The medieval dead, by the way, were more often than not buried in cloth wrapping or in the case of the plague dead, just chucked in to a pit wearing nothing but the clothes they died in. Exhumation to make way for new bodies was standard practice right up to the 19th century. There are horrible stories of bodies being ‘mulched’ to make way for the recently deceased. Underneath church floors, there was often an extremely tight squeeze – very cosy!
Other plague pits you could visit include one at 37-39 Artillery Lane excavated in 1976. There is a park in south London called Blackheath where there are undoubtedly plague dead beneath the lovely grass but the park does NOT derive its name from the Black Death – a common misconception among Londoners. The name was recorded two hundred years before the Black Death and probably refers to the colour of the soil.
One Londoner, Daniel Defoe – author of Robinson Crusoe – wrote about a much later plague in 1665 that had an appalling impact on London. Defoe was a journalist and a writer and in his diary of the plague year, he described the great pits that consumed the dead:
“I say they had dug several pits in another ground, when the distemper began to spread in our parish, and especially when the dead-carts began to go about, which was not, in our parish, till the beginning of August. Into these pits they had put perhaps fifty or sixty bodies each; then they made larger holes wherein they buried all that the cart brought in a week, which, by the middle to the end of August, came to from 200 to 400 a week; and they could not well dig them larger, because of the order of the magistrates confining them to leave no bodies within six feet of the surface; and the water coming on at about seventeen or eighteen feet, they could not well, I say, put more in one pit. But now, at the beginning of September, the plague raging in a dreadful manner, and the number of burials in our parish increasing to more than was ever buried in any parish about London of no larger extent, they ordered this dreadful gulf to be dug – for such it was, rather than a pit.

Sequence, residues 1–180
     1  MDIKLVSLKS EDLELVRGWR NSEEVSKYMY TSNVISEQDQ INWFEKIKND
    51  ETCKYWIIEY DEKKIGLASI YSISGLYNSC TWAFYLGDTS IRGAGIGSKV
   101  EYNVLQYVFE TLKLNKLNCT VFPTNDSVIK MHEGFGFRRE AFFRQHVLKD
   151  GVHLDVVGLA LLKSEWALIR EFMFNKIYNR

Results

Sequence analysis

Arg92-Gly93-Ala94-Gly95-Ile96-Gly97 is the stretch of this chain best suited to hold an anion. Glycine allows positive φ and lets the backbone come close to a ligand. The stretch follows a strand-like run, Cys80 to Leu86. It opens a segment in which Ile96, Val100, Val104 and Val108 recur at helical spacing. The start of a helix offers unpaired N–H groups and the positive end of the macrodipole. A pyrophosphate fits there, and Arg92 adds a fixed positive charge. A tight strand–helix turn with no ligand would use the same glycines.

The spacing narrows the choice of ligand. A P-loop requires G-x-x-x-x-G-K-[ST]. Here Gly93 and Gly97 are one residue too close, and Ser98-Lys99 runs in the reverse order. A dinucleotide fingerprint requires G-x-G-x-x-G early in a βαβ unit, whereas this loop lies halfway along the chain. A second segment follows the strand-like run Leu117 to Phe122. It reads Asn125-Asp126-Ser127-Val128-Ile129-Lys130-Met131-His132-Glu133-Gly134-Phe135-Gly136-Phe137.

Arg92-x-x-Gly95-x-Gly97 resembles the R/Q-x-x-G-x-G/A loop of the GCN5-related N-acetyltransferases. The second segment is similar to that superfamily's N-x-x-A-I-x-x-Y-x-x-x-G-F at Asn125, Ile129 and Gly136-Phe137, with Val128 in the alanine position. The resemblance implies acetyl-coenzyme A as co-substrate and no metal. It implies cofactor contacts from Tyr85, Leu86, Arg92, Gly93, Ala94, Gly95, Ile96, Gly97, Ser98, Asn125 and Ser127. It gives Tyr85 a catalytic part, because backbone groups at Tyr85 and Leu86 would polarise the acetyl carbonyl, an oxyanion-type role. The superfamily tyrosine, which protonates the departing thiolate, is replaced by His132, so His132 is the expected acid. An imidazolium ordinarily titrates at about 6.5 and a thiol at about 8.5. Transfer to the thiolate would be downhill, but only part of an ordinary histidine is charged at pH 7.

“They had supposed this pit would have supplied them for a month or more when they dug it, and some blamed the churchwardens for suffering such a frightful thing, telling them they were making preparations to bury the whole parish, and the like; but time made it appear the churchwardens knew the condition of the parish better than they did: for, the pit being finished the 4th of September, I think, they began to bury in it the 6th, and by the 20th, which was just two weeks, they had thrown into it 1114 bodies when they were obliged to fill it up, the bodies being then come to lie within six feet of the surface. I doubt not but there may be some ancient persons alive in the parish who can justify the fact of this, and are able to show even in what place of the churchyard the pit lay better than I can. The mark of it also was many years to be seen in the churchyard on the surface, lying in length parallel with the passage which goes by the west wall of the churchyard out of Houndsditch, and turns east again into Whitechappel, coming out near the Three Nuns’ Inn.”
Visited Westminster Abbey today – where Wills and Kate just got married of course – and what held my morbid attention the most was the funeral effigies. These strange objects are located in the 11th century vaulted undercroft of the abbey.
Basically, the abbey you know and love was built in the 13th century but below it are the remains of the earlier 11th century church of St Peter built by Edward the Confessor and completed by William the Conqueror. Most of it was demolished to make way for the much bigger building you see today, constructed in the Gothic style. However, when you go to the cloister, you can access several rooms built around the 1050s and 1060s. The Templar era covers the existence of both churches.